A lot of people don't bother with applying sunscreen every day because they hate the way sunscreens feel. We can understand that, but it doesn't negate the need for daily UV protection—the number one thing you can do to prevent signs of aging on your skin. We predict Murad City Skin Age Defense Broad Spectrum SPF 50 Mineral Sunscreen will change your mind!
Best for normal to combination or dry skin, this fluid lotion is dispensed from an opaque bottle topped with a needle-nose dispenser. The dispenser ensures the product doesn't become messy, a thoughtful touch, and the packaging keeps the antioxidants protected from degrading light and air exposure.
Fortified with the mineral actives titanium dioxide and zinc oxide, the fragrance-free formula provides gentle broad spectrum protection and contains plenty of antioxidants to help defend skin from other types of light exposure, such as infrared and blue light. Murad is making distinctions on the type of light this product protects skin from, but really any sunscreen loaded with antioxidants can provide this additional measure of defense.
Mineral sunscreens tend to leave an unflattering white cast on skin, but not this one. Murad has offset this issue by adding a subtle peach tint that also enlivens skin for a visible yet non-sparkling glow. This also keeps the matte (in feel) finish from making skin look dull. Someone at Murad did their homework on perfecting this product's esthetics!
We should also mention this daytime moisturizer is a joy to apply. It spreads easily and sets without feeling occlusive or greasy, avoiding the over-blending necessary with some mineral sunscreens. A great sunscreen is one you'll look forward to using, and this is one such product.
A slight concern is that this product's price might discourage liberal application. We don't want you to skimp on protecting your skin, so if you feel this product's cost might lead to that, think twice before purchasing. Liberal application is critical to getting the SPF rating on the label.
Strengths: A few good cleansers; a selection of well-formulated AHA products centered on glycolic acid; most of Murad's top-rated products are fragrance-free; the sunscreens go beyond the basics and include several antioxidants for enhanced protection.
Weaknesses: Expensive; no other dermatologist-designed line has more problem products than Murad; irritating ingredients are peppered throughout the selection of products, keeping several of them from earning a recommendation; the skin-lighteners are not well-formulated.
Dr. Murad was one of the first doctors to appear on an infomercial selling his own line of skin-care products, and quite successfully so, at least the second time around. This was largely because the company paid for independent clinical studies to establish the efficacy of Dr. Murad's products. There's no question that AHA products, when well-formulated, can be a powerful ally to create healthier, radiant skin. But in terms of independent clinical studies, we're skeptical, given that there are countless labs that exist solely to perform such studies in strict accordance with how the company wants the results to turn out. Murad certainly wouldn't mention in an infomercial that the clinical studies for his AHA products weren't as impressive as, say, those for Neutrogena's AHA products, or any other line for that matter. And what about BHA products? Clinical studies and testimonials may have prompted consumers to order, but the results from Murad's AHA products are hardly unique to this line.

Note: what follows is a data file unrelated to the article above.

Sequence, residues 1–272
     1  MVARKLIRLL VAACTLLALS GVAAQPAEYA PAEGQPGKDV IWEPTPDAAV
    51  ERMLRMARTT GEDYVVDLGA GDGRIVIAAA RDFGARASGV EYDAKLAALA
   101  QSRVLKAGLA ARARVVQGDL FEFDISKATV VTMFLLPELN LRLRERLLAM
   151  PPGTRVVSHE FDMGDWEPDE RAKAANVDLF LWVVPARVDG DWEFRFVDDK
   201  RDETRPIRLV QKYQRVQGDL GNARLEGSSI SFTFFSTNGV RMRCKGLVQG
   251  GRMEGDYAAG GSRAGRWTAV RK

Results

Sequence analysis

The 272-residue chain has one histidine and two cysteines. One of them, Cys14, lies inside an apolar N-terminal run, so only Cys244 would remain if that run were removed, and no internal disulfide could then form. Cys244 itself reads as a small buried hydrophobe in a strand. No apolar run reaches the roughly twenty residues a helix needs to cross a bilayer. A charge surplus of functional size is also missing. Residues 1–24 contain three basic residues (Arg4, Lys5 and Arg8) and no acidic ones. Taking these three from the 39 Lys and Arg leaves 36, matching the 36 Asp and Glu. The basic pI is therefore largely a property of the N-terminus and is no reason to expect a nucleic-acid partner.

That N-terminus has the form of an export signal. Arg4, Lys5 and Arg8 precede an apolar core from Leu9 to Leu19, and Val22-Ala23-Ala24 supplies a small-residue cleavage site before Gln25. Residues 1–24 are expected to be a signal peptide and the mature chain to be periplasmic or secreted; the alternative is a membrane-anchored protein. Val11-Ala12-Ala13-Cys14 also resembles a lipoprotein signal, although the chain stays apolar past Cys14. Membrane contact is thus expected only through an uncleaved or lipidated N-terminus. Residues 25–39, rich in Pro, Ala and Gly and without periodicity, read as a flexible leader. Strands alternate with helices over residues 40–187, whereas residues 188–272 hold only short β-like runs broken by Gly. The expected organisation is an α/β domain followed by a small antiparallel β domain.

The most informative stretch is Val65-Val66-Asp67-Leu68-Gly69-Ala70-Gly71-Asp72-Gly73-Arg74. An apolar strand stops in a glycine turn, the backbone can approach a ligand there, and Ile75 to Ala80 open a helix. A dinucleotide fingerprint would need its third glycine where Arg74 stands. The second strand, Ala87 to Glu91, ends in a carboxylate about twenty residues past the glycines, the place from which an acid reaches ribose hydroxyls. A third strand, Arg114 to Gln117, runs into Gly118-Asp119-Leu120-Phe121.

Although this is a skin-care line to consider for some good AHA options, the majority of the products are nothing more than a problem for skin. Murad may have been one of the first dermatologist-developed skin-care lines, but by today's standards his line is deplorable. This is largely due to a preponderance of irritating ingredients that show up in product after product. Any dermatologist selling products that include lavender, basil, and various citrus oils plus menthol and other irritants doesn't deserve to be taken seriously. The same goes for Murad's overuse of alcohol and his preference for treating acne with sulfur, both factors that keep some of his otherwise well-formulated, efficacious products from earning a recommendation.
Yet what is most objectionable is the endless parade of products claiming they can stop, get rid of, or reduce wrinkles and aging. Regardless of whether dermatologists know best about lotions and potions, no conscientious doctor would or should be selling products using the ludicrous claims Murad makes. Most of the anti-aging products have the same hype, the same unsubstantiated claims, and the same exaggeration about the beneficial effects of ingredients that are often present only in the tiniest amounts, without even a mention of the standard or potentially irritating ingredients that are also present. Dr. Murad’s skin-care philosophy, stated on his Web site, includes the following statement: "Take all the necessary steps to achieve healthy skin—including the right products, the proper nutrients (from both food and supplements) and positive lifestyle choices." That's an excellent piece of advice; the problem is that it is contradicted by Murad’s own products, most of which are far from the "right" options for all skin types.
For more information about Murad, now owned by Unilever, call (888) 996-8723 or visit www.murad.com.
The Beautypedia and Paula’s Choice Research teams have one mission: To help you find the best products for your skin, whether they’re from Paula’s Choice or another brand. By combining efforts, we’re able to share scientific research and remain committed to the highest standards based on our decades of experience objectively reviewing thousands upon thousands of skincare and makeup formularies in all price ranges.
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